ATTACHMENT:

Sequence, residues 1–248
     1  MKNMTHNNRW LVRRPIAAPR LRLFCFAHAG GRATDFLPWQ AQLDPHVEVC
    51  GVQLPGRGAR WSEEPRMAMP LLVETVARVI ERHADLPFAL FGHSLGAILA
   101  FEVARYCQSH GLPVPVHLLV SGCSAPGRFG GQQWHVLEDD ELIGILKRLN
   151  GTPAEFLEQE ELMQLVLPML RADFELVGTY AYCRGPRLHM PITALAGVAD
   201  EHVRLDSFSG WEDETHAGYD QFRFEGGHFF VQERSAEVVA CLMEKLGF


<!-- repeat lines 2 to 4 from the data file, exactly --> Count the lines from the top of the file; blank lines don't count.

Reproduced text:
     1  MKNMTHNNRW LVRRPIAAPR LRLFCFAHAG GRATDFLPWQ AQLDPHVEVC
    51  GVQLPGRGAR WSEEPRMAMP LLVETVARVI ERHADLPFAL FGHSLGAILA
   101  FEVARYCQSH GLPVPVHLLV SGCSAPGRFG GQQWHVLEDD ELIGILKRLN